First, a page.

Declaration Day 2020: The Good, The Bad, and The Ugly

Ray Garvin

Every year dynasty fans get excited about the potential and promise of the upcoming rookie draft class. Speed, power, agility, landing spot and the pure excitement these young college football stars possess have us itching to acquire rookie draft picks for the chance to add one of these pieces to our dynasty teams. The 2020 NFL Draft class has been viewed as the pinnacle of draft classes – or at least the best in a very long time top to bottom.

However, things don’t always play out the way we hope and prepare for, and this year is no different. There were some stars born over the course of the 2019 college football season, and we were able to watch them thrive, flourish and take their talents to the next level. We also had some dynamite prospects decide to return to school for another year. Let’s take a look at some of the most significant declaration decisions made this year – the good, the bad, and the ugly.



Coming off of a productive yet uninspiring 2018 campaign, many thought that the highly-touted, five-star running back recruit John Emery Jr. would be the starter in the backfield sooner rather than later for the Bayou Bengals. Not only did those hopes and dreams not come to fruition, CEH dominated the backfield rushing for 1,414 yards and 16 touchdowns, averaging 6.6 yards per carry. He also caught 55 balls for 453 yards and another score. After an outstanding breakout season, CEH said B-Y-E to LSU and we’ll have fun watching him in the NFL.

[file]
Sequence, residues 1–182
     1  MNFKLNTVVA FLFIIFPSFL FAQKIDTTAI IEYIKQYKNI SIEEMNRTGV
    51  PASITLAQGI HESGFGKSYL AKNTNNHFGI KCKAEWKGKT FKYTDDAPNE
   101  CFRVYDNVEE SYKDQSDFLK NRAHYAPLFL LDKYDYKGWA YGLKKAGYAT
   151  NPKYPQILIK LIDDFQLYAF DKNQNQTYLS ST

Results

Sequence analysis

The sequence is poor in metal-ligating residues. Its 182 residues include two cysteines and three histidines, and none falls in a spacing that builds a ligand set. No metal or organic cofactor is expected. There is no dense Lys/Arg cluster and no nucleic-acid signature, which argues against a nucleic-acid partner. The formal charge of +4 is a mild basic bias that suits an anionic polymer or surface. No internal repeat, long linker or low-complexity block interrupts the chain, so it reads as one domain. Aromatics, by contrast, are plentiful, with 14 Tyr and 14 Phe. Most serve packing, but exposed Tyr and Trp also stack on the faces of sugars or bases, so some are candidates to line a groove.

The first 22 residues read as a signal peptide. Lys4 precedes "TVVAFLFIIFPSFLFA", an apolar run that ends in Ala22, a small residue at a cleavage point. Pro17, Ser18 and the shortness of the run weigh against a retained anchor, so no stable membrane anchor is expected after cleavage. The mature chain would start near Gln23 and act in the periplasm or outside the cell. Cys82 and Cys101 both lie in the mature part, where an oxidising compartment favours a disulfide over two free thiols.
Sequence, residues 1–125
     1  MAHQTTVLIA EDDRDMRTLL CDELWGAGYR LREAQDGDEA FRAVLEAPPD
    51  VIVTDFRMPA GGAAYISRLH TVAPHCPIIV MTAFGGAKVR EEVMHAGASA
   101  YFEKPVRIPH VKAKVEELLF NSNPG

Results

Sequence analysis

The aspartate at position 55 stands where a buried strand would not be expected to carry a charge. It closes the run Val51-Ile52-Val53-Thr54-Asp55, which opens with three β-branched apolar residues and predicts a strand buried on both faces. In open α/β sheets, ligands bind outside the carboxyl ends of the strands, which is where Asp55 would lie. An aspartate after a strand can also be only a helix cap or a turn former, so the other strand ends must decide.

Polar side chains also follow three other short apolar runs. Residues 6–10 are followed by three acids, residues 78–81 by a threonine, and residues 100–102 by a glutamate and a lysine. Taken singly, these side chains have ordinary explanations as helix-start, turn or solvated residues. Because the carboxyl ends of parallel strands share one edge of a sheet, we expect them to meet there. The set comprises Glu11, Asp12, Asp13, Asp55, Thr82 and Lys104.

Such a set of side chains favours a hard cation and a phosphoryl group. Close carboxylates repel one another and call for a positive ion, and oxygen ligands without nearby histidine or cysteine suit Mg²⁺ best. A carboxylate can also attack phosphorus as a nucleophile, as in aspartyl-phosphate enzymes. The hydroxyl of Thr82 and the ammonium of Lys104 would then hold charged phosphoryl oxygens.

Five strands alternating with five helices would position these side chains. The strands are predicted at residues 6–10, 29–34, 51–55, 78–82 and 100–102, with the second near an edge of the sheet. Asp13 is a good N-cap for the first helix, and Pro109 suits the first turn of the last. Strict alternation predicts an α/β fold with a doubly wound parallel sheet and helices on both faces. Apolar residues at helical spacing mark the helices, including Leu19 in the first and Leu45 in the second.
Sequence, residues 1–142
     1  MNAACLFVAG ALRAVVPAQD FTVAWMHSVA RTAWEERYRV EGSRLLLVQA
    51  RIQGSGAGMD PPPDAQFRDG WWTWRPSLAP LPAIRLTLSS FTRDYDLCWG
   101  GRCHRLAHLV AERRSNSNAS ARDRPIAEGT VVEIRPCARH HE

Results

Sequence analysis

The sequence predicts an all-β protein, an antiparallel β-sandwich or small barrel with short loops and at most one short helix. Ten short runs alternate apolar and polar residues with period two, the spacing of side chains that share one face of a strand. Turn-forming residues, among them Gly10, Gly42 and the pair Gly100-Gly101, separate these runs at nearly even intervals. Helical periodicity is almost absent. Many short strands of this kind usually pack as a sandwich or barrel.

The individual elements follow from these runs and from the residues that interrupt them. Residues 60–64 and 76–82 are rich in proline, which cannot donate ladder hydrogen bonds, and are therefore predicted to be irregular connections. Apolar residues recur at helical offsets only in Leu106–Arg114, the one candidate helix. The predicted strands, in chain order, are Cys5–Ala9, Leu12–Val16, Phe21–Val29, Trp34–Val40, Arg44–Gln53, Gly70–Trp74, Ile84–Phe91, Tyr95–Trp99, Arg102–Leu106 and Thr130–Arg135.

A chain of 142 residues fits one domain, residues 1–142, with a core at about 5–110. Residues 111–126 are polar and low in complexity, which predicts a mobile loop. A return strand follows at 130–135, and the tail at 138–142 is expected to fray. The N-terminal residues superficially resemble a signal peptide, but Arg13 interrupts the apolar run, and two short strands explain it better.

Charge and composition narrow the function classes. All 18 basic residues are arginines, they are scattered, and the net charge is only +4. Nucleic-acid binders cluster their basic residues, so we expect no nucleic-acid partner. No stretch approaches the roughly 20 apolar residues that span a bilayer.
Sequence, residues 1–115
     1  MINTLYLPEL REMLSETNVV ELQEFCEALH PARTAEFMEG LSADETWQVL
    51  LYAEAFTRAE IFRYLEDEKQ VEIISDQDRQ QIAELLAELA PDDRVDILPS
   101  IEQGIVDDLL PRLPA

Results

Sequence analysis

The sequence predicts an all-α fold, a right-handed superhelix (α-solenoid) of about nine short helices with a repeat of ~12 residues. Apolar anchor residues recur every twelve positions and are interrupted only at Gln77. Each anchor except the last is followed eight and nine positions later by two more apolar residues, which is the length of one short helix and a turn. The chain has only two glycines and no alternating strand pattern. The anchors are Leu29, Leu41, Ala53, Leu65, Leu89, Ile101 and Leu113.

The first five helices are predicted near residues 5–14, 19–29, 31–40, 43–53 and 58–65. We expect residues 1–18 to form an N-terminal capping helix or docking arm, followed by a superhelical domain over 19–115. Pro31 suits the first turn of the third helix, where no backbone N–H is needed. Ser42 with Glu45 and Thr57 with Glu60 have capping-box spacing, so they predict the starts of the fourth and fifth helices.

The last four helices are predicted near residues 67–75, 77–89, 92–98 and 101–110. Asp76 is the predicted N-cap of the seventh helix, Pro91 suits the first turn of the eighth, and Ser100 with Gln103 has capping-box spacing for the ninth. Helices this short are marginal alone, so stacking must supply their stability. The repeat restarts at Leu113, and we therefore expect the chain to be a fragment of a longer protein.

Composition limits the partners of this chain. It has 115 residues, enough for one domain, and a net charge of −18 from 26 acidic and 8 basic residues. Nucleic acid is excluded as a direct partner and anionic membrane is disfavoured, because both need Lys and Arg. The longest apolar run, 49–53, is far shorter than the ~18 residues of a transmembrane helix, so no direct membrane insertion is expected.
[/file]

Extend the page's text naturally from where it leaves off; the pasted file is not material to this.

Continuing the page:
Rookie draft outlook – late first round pick.


Jefferson didn’t come out of nowhere this season; he actually had a very productive 2018 campaign going over 800 receiving yards on 54 grabs and six touchdowns. However, in 2019 his stock took off like a rocket. Playing in the most efficient and explosive offense in NCAA history, Jefferson took his talent to another level. 111 receptions, 1,540 yards and 18 touchdowns later, he’s looking like a candidate to sneak in to the first round of NFL Drafts. If not the first, he won’t have to wait long into the second round to hear his named called.

Rookie draft outlook – late first/early second round pick.


We all know how good of a quarterback Tua is. There’s no denying his arm talent, pocket awareness, football IQ, leadership, and competitive toughness. What we don’t know is how healthy he is or is going to be before the start of the 2020 NFL season, or even later down the line. His hip injury has some people in the dynasty community worried and others unwavering. There was a lot of speculation that Tua might return to Alabama for his senior year, but ultimately decided to declare for the draft. All indications point to him being a top pick in the draft so this was the right call by Tua. There was no need to return and risk further injury.

Rookie draft outlook (superflex) – Top-5 pick.



This one is tough because I don’t believe Wallace would have stayed had he not torn his ACL. He was on an absolute tear when he was injured. Through nine games he accumulated 903 receiving yards on 53 receptions and eight touchdowns while averaging 17 yards per reception. There was some feeling that even if he declared he would have still been a Day-2 selection, leading some to believe that he would jettison Stillwater for the NFL, yet he decided to return to school for his senior season.

What does this mean for Wallace?

He will now compete with what looks like an even more competitive group of wide receivers in the 2021 class, including Ja’Marr Chase, Rondale Moore, Rashod Bateman and Justyn Ross. He will once again be in a position to put up monster numbers in that offense, but you have to wonder just how much more can he improve his draft stock.